Enhanced glucose uptake and metabolism inhibits apoptosis and promotes growth.
We were intrigued by the observation that intimal VSMCs exhibit a constitutive upregulation of GLUT1 expression in association with a resistance to apoptosis in vivo (5,6). We hypothesized that enhanced glucose uptake and metabolism are sufficient for increasing the resistance of VSMCs to apoptosis. As an initial test of this postulate, VSMCs with upregulated GLUT1 or the control transgene (GFP) were exposed to serum-free media for a period of 20 h. Constitutive upregulation of GLUT1 inhibited the percentage of VSMCs undergoing apoptosis in response to serum withdrawal (control transfected 20 ± 1% vs. GLUT1 11 ± 1%, n = 6, P < 0.0005) (Fig. 4). This antiapoptotic effect of upregulated GLUT1 expression was also demonstrated in two additional GLUT1 transfected VSMC isolates. As a further test of our hypothesis, we transiently upregulated GLUT1 and found a similar inhibition of apoptosis in response to serum withdrawal (control transfected 41 ± 3% vs. GLUT1 28 ± 2%, n = 8, P < 0.002).
Considering the local expression of the proapoptotic mediator, Fas, within neointimal lesions (323334), we also tested whether the constitutive upregulation of GLUT1 was protective against this proapoptotic stimulus. VSMCs were assessed for apoptosis 20 h after treatment with Fas-ligand (100 ng/ml) in low serum in the presence of a Fas-ligand enhancer protein (mouse IgG). Consistent with the serum-withdrawal data, constitutive upregulation of GLUT1 also inhibited apoptosis in response to Fas-ligand (control [GFP] + Fas-ligand 12 ± 1% vs. GLUT1 + Fas-ligand 6 ± 1.0%, n = 8, P < 0.0005) (Fig. 5). These data suggest that upregulated glucose transport and metabolism protects VSMCs from apoptosis, thereby potentiating lesion formation.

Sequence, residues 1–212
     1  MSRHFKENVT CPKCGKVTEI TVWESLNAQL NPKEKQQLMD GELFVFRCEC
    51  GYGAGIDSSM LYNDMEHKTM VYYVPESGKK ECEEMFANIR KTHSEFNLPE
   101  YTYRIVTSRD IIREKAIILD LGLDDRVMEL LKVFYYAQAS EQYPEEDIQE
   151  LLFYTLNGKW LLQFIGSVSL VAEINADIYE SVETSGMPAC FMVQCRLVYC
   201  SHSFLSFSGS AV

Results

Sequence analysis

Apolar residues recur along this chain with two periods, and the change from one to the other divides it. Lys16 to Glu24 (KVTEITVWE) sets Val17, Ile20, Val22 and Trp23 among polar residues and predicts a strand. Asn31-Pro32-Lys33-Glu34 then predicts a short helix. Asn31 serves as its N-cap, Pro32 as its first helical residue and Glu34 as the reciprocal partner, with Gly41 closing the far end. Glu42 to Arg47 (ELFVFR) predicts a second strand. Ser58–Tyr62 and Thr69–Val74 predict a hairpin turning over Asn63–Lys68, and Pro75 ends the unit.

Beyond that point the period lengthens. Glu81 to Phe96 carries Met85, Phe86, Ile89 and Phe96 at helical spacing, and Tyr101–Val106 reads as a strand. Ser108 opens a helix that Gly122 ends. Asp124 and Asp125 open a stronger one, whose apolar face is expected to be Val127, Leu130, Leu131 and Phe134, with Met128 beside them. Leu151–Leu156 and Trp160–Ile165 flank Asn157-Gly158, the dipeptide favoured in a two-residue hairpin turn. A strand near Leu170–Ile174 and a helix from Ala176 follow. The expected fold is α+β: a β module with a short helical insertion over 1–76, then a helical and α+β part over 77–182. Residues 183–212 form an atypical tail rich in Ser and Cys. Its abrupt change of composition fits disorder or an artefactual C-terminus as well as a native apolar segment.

To address the role of GLUT1 upregulation on VSMC growth, we performed cell-cycle analysis. Indeed, upregulation of GLUT1 resulted in a significant increase in the percentage of cells in S, G2, and M phases of the cell cycle (GLUT1 43 ± 6% vs. control [GFP] 22 ± 1%, n = 3, P < 0.022) (Fig. 6).
Differential regulation of GSK3β.
Catalytically active GSK3β phosphorylates glycogen synthase and inhibits glycogen storage (18). Recent work has also demonstrated that catalytically active GSK3β induces apoptosis (21). Considering the dual function of this enzyme, we hypothesized that it may be playing a role as a critical mediator linking a nutrient signal to the fate of VSMCs. To test this postulate, we compared total and phosphorylated (ser9) GSK3β protein expression in neointimal versus medial tissue specimens. As seen in Fig. 7A, phosphorylation of GSK3β on ser9 was significantly enhanced in neointimal tissue, whereas total GSK3β expression was unchanged (Fig. 7B).